Poem by Debra Marquart, Professor of English, Iowa State University, Ames

Marquart, Debra. "Palimpsest." Ames, Iowa.

The floor medallion in the south entrance of the Student Center, Iowa State University, Ames, was designed by Rick Seely and Josh Palmer at HLKB Architects, Des Moines, as part of the design of the 2006-08 addition. The quote around the edge by Debra Marquart, ISU English professor, reads: 

"It is possible to create a life, doors opening to other doors, the fresh breeze of tomorrow rushing in to make the world new each day." 

The line is from the poem Palimpsest in her book, From Sweetness:


Let Y be your destination, the unnamed

place beyond the flickering fluorescence

of corridors, the terrazzo floors worn smooth

from the shoes of the dead. Let X be

your present location, the uncharted

space between pencil and chalk marks,

the keypad's incessant clatter. Listen,

you are here, a blip on a screen, transfixed

between home and away. It is possible

to create a life, doors opening to other

doors, the fresh breeze of tomorrow

rushing in to make the world new

each day. The canvas remembers

its maker, inside the hairline grooves

under the brushstrokes live the barest

traces - whispered thoughts, words

spoken, mundane as groceries, bills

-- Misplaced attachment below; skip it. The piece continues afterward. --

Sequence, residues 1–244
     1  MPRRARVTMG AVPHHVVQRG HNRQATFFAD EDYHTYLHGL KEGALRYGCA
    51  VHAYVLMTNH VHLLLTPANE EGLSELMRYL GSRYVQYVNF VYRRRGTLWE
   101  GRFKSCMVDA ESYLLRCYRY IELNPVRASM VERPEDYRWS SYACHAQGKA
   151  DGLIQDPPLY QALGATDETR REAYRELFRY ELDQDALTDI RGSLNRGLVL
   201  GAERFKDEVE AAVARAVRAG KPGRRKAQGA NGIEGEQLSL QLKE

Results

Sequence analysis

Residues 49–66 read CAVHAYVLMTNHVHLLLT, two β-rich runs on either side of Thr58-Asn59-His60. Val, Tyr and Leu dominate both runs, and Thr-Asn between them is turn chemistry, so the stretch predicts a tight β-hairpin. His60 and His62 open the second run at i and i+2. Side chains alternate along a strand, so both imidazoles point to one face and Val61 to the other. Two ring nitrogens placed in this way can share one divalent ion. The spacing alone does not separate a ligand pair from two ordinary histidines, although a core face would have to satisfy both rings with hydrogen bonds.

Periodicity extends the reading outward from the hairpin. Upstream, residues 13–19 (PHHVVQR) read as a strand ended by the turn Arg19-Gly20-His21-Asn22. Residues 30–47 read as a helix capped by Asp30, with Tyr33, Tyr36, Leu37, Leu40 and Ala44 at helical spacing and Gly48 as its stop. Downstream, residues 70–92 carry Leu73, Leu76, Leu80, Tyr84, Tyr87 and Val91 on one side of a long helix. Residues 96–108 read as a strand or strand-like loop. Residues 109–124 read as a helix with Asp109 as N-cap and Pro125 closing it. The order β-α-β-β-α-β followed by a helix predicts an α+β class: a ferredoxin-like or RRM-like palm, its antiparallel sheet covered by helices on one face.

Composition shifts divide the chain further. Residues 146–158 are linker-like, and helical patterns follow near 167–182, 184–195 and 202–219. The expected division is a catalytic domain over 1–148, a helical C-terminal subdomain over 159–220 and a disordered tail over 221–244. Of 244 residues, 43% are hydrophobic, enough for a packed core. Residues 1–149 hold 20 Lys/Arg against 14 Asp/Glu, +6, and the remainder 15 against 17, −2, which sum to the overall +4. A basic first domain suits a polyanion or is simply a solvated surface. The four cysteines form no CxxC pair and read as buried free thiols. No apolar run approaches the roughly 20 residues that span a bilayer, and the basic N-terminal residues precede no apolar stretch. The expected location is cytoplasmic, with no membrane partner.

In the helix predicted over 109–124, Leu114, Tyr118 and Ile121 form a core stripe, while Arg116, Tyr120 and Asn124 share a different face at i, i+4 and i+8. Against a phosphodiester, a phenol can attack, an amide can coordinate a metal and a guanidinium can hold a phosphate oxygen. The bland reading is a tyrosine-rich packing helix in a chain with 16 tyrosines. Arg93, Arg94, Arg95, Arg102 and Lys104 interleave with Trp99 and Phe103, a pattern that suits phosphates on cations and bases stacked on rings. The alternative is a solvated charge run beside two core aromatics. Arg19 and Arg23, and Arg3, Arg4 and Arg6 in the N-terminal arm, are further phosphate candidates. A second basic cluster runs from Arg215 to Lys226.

and gasoline. The fingerprints

of the dead are everywhere, the tiny

whorls like plots to cities where one

could spend a life. Best to find

your own path, chart the roadmap

etched under your skin, sit down,

get to know the wantings of your feet.

 © all rights reserved, used with permission of the poet

Footnotes on the poem – it was selected because it seemed so right for the MU project - speaking about students finding their way. We did not know until Lynette Pohlman, head of University Museums, told us that it had been commissioned by them, one of a series of poems commissioned from local poets about public art pieces on campus. Debra’s poem, Palimpsest, was written for the Doug Shelton mural in Parks Library. In speaking with Debra about using her words in the Union art project, she told us that when she was first approached by Lynette, she did not think that she had a poem in her about the subject of the library mural. But one day, she was in the Union, coming up the steps from the Food Court, and placed her foot in the well-worn spot on the bottom step. A vision came to her of all the other student travelers that had gone before, and she called Lynette back to say she thought she did have a poem after all. She said, "You know, the poem is really about the Union…."   (Sometimes serendipity is so sweet!)

Michael M. Miller and Debra Marquart

Permission to use any images from the GRHC website may be requested by contacting Michael M. Miller